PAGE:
Waitrose and William Sitwell: Censorious Twitter haters score another victory - Press Gazette

Waitrose and William Sitwell: Censorious Twitter haters score another victory

Waitrose

There is something rather impressive about the way William Sitwell has lost his job.

He is a journalist so incapable of writing a boring a sentence that even when responding to a freelance pitch he couldn’t resist a flourish of hyperbole. To my mind his note was meant to amuse  – and maybe also to offend. But I think he will not be short on offers of work.

After freelance journalist Selene Nelson suggested a “plant-based meal series” to Sitwell, he responded: “Hi Selene. Thanks for this. How about a series on killing vegans, one by one. Ways to trap them? How to interrogate them properly? Expose their hypocrisy? Force-feed them meat? Make them eat steak and drink red wine?”

I guess he was making the point that a series of articles on how to make meals out of vegetables was not the most original idea in the world and Nelson would have to go back to the drawing board if she was going to make it into Waitrose Food.

Sadly it seems that it is outspoken editors, and even entire publications. that some would like to see killed off one by one.

When Waitrose was bombarded with Twitter messages from censorious vegetable lovers it quickly caved in, apparently pushing its multi-award-winning editor of 20 years to go. He stepped down with immediate effect yesterday in a move that was welcomed by the posh supermarket chain.

It is the latest brand to surrender to a vocal minority of Twitter users who feel they can dictate what other people choose to read.

It is an incident to file alongside campaign group Stop Funding Hate in the archive of digital attacks on press freedom.

That group dislikes the journalism of the Daily Mail, Express and Sun titles so much that it would like to see them snuffed out of existence by starving them of advertising. So far it has mobilised its army of Twitter tabloid haters to persuade Paperchase, Evans Cycles and Lego to withdraw promotional activity from certain tabloids in response to campaigns targeting corporate Twitter accounts.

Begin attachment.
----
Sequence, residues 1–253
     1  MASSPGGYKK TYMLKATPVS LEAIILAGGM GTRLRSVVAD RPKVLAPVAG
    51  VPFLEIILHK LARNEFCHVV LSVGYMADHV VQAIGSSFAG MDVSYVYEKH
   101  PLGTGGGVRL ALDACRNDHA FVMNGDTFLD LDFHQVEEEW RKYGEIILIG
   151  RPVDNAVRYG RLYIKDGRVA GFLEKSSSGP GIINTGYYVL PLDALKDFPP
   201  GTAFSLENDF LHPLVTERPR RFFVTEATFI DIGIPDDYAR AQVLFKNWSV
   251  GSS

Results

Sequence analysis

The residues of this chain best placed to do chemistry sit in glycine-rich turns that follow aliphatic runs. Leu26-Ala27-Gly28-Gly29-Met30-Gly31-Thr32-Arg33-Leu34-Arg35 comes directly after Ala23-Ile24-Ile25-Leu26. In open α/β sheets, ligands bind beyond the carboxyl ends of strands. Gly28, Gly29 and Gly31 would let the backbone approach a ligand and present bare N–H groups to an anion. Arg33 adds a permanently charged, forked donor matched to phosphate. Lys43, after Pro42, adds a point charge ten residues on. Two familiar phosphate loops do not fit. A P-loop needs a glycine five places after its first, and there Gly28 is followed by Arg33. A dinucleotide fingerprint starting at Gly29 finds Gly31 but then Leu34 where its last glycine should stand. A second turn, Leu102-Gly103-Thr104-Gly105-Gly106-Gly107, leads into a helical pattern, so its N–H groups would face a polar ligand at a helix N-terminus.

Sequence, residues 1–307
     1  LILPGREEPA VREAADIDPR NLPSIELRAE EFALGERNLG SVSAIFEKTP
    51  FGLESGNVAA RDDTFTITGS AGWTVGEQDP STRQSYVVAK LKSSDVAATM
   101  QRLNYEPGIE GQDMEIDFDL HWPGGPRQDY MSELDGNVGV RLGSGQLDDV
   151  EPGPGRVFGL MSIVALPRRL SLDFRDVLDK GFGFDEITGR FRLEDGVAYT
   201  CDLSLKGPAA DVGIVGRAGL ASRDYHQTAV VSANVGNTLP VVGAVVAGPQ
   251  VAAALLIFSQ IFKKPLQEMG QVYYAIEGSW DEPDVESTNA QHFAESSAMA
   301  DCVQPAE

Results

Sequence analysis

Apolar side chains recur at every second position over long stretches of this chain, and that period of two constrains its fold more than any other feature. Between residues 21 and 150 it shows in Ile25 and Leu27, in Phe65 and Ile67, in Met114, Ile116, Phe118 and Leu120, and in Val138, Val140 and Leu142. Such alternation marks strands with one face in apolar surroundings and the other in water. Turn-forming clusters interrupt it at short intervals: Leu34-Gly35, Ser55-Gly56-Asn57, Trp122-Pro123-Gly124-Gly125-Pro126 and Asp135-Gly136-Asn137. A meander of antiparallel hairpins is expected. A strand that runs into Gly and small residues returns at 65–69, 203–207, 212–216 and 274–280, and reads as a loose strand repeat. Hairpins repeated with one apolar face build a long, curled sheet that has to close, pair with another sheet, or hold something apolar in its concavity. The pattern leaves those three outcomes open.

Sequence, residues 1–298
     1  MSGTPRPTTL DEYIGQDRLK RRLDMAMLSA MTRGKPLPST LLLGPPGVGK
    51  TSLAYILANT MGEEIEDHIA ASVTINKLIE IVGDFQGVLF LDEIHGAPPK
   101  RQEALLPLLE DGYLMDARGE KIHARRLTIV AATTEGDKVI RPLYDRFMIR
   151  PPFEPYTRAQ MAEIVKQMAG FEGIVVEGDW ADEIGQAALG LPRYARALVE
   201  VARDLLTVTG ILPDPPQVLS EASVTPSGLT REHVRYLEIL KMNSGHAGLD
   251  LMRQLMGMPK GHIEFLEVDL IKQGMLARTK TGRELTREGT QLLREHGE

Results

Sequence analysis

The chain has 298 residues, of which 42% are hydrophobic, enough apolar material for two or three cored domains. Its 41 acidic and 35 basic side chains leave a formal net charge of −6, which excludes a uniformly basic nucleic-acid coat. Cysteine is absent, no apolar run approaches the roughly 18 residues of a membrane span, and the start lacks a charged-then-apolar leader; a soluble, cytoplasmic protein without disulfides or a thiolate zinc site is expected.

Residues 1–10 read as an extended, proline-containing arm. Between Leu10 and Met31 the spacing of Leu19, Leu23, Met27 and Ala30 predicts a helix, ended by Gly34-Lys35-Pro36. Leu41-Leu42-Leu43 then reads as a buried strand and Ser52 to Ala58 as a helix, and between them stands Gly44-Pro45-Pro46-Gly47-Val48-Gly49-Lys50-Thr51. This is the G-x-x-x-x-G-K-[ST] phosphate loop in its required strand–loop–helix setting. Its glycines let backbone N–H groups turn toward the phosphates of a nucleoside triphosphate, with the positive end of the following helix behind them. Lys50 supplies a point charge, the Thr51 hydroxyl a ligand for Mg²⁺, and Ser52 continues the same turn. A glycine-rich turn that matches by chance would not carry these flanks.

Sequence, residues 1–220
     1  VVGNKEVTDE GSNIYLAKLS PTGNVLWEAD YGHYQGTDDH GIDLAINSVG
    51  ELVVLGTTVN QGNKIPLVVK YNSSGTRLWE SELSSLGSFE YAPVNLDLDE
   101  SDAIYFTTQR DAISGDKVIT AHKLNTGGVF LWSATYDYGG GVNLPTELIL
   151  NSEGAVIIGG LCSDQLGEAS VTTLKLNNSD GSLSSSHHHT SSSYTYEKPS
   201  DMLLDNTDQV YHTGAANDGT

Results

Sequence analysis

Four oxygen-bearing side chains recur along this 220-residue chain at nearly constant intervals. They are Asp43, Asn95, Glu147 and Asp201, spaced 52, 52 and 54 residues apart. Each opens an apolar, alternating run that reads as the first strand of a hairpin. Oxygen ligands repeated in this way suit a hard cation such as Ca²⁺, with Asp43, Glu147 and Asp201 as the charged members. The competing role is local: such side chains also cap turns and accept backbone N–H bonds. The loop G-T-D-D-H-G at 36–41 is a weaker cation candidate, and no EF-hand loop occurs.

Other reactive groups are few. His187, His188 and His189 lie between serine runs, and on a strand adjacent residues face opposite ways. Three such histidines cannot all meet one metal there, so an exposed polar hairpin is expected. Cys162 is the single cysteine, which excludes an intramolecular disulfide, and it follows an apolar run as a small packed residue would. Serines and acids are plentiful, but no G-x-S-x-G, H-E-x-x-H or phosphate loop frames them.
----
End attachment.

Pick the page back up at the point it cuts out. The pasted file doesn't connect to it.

It has been said to me “what if Sitwell was talking about Jews, or people from a specific ethnic minority instead of vegans?”. But I don’t think we can class vegetablism (hatred of those who eat vegetables that is) alongside racism, sexism and anti-semitism.

I’ve recently given up drinking alcohol. If I pitched an article about cocktails for teetotallers to the editor of a drinks magazine and he responded by saying: “I think all non-drinkers should be hunted down and ritually disembowelled one by one”, I honestly don’t think I would be offended.

Knowing how hard it is for freelances to even get a response from time-pressed editors I might even feel appreciative of the fact that he or she had bothered to respond to my email.

If Nelson was offended and upset by Sitwell’s comments she deserves an apology and has received one. In my view that is where the matter should rest.

Dominic Ponsford is editor-in-chief of Press Gazette.

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14 thoughts on “Waitrose and William Sitwell: Censorious Twitter haters score another victory”

  1. Bottom line – Sitwell was unprofessional. He could have simply replied “thanks, it’s not one for us though”, or words to that effect. Or not replied. And Waitrose has a brand to protect. A brand that recently launched (and was first to do so) a huge range of vegan products. Waitrose Food is customer publishing and the customer – both Waitrose as a customer of the publisher of its magazine and Waitrose’s vegan shoppers – is always right. Sitwell was an idiot. It’s one thing to joke about something with your mates (and you should hear me on the “gluten-free food faddists – not a reference to people with coeliac disease). But there’s no need to insult a colleague, even one unknown as yet to you. Yes, her pitch should probably have been better honed. But she didn’t deserve to be treated unprofessionally.

  2. Not sure why he ‘resigned’ when an apology and perhaps sent on a ‘don’t be a pompous git in the workplace course’ (not vegan specific, there’s just no need to be a wazzock if you’re in a position to yay or nay folks’ pitches) and, you know, commission something from her, would suffice. So I can only imagine that since neither Waitrose nor John Brown publishing were prepared to stick up for WS, they weren’t too traumatised at seeing him go…

    Anticipate the editor role to be repurposed to ‘head of content for Waitrose Media’ or something at a <£salary

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